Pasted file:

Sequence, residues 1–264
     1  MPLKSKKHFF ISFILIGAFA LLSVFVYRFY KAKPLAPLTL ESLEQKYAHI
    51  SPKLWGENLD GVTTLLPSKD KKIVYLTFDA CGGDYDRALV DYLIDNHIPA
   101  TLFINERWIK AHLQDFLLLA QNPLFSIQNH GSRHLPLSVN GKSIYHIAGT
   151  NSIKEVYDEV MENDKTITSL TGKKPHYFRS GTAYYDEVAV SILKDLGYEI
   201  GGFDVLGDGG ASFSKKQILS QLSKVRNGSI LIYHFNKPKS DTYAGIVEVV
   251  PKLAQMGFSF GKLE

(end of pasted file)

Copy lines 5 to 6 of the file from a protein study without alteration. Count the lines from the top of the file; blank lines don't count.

   151  NSIKEVYDEV MENDKTITSL TGKKPHYFRS GTAYYDEVAV SILKDLGYEI
   201  GGFDVLGDGG ASFSKKQILS QLSKVRNGSI LIYHFNKPKS DTYAGIVEVV